On Jan. 31 Ukrainian police raided the premises of file-sharing site Ex.ua, shutting it down and confiscating more than 200 servers. Ex.ua was Ukraine's most popular infringing site with millions of users. Separately that same day, IFPI welcomed a decision by the Commercial Court of Saint Petersburg in Russia ruling that popular unlicensed online music service VKontakte is guilty of copyright infringement. IFPI CEO Frances Moore said, "This is a very important ruling for Russia. It shows that sites like vKontakte cannot build a business on making music available without licenses from content owners. Such services are directly liable for the unlicensed music they make available. They cannot avoid liability by shifting responsibility on to their users."
Twitter horrified censorship foes on Jan. 26 when it announced the technological capability to censor tweets on a by-country basis. The company was upbeat that its solution was far preferable to eliminating a tweet worldwide, and it has collaborated with the site Chilling Effects to provide users with a single Web address where every censored tweet will be listed — ensuring that the process is transparent. On Jan. 30 Thailand's technology minister Anudith Nakornthap welcomed Twitter's announcement as respecting "basic rights" such as his country's protection of its people from statements that improperly criticize Thailand's king.
On Jan. 30 the World Intellectual Property Organization released a summary of by-country statistics on how much copyright industries contribute to national economies. Copyright Alliance Executive Director Sandra Aistars said, "Of the countries included in the report, the U.S. creative sector is the leading contributor to GDP at 11 percent ... Of particular importance, the report shows that the creative community's contributions to the economy are strongest in countries with established copyright protections."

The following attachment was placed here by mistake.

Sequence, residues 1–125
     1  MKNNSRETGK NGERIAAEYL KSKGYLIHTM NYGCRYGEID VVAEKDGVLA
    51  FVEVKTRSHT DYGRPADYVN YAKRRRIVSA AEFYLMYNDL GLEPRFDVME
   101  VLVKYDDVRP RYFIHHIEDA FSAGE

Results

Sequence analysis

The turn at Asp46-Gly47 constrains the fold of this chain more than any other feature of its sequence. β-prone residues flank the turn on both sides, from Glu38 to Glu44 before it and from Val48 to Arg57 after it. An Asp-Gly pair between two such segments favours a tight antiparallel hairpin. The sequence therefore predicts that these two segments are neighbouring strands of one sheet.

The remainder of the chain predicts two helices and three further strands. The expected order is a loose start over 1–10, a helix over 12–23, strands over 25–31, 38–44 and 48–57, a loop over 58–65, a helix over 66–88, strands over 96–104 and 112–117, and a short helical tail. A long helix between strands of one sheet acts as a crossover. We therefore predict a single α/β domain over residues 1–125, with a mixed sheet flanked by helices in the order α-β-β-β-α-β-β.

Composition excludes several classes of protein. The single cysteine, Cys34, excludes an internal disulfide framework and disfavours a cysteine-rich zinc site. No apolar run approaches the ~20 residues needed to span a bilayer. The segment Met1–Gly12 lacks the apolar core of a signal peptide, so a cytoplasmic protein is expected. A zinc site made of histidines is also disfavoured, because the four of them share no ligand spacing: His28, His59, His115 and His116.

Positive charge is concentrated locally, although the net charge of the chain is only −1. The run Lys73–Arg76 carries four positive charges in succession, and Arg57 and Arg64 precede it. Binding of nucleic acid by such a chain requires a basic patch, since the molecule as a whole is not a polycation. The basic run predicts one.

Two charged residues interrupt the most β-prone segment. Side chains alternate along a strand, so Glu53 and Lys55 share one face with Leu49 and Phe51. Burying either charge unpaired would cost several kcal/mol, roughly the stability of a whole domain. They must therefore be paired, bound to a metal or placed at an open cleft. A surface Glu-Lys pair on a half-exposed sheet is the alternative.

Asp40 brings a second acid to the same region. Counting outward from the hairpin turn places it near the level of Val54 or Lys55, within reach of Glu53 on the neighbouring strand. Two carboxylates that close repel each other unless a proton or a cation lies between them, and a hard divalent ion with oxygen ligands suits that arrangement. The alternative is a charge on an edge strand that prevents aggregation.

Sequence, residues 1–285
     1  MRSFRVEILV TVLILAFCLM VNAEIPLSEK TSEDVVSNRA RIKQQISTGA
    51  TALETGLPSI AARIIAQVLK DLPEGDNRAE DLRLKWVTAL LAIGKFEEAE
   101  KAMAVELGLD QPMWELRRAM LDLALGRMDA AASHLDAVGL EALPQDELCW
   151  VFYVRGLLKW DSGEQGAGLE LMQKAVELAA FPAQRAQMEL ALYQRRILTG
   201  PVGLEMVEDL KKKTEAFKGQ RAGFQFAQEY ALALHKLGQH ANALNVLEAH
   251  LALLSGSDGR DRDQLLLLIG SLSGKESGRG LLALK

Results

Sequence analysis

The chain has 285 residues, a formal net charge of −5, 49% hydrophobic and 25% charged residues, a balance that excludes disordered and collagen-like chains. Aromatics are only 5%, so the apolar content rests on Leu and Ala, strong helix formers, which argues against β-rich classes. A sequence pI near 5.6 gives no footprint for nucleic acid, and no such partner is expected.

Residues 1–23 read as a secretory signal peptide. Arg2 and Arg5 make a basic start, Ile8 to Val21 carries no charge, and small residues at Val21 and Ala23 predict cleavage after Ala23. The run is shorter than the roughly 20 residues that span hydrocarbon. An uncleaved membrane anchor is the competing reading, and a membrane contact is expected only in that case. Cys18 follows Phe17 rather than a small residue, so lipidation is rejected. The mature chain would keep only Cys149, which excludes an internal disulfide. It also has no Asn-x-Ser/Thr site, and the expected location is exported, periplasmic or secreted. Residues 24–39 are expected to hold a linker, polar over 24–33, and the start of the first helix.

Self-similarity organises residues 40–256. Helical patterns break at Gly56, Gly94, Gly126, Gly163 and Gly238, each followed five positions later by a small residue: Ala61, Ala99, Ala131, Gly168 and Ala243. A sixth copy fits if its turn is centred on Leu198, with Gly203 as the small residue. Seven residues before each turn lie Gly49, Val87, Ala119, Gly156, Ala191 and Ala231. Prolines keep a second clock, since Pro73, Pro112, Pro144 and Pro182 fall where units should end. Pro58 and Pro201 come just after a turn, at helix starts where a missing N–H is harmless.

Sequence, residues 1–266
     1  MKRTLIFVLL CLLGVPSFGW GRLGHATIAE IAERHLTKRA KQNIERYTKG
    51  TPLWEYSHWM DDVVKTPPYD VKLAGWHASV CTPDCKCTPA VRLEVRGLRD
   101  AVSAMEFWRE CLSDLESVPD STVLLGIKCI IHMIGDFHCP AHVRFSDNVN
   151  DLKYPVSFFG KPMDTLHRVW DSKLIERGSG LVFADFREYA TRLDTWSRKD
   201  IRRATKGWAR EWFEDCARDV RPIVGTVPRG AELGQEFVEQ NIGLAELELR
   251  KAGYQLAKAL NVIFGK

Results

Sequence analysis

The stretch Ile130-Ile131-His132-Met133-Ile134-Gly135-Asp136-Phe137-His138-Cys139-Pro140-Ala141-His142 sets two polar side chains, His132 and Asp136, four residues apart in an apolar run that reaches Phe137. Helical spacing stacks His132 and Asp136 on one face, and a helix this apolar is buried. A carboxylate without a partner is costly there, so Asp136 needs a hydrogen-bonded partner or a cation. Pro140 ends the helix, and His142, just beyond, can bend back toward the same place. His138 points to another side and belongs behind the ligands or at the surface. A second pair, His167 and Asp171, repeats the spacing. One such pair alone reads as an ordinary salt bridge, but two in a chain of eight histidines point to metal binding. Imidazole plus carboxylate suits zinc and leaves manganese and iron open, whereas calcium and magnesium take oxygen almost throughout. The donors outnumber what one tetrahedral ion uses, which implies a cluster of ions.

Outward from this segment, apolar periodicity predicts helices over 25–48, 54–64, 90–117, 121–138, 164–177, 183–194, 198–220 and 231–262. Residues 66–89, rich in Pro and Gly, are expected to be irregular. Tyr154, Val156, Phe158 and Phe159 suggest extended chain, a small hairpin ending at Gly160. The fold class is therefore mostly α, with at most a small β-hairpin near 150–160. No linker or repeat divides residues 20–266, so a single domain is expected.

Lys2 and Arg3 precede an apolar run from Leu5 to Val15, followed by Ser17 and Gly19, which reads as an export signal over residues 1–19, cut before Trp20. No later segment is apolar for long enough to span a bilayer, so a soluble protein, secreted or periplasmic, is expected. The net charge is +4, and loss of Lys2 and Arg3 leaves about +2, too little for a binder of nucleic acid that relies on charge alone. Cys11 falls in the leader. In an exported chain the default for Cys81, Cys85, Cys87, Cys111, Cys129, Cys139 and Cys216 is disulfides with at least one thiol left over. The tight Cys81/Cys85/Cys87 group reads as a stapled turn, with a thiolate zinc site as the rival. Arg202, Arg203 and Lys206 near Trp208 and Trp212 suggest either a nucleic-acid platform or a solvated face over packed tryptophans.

White-spaces solutions provider Spectrum Bridge announced the deployment of the first U.S. live network in Wilmington, North Carolina on Jan. 26. The Federal Communications Commision and Spectrum Bridge tested the company's TV white spaces database system late last year; it is intended to protect incumbent spectrum users, such as wireless microphones, from harmful interference. The technology's advocates believe the potential benefits outweigh the risks because radio frequencies are a limited resource and America's appetite for wireless Internet is huge.
The Recording Academy actively represents the music community on such issues as intellectual property rights, music piracy, archiving and preservation, and censorship concerns. In pursuing its commitment to addressing these and other issues, The Recording Academy undertakes a variety of national initiatives. ArtsWatch is a key part of an agenda aimed at raising public awareness of and support for the rights of artists. To become more involved, visit Advocacy Action @ GRAMMY.com and sign up for Advocacy Action E-lerts.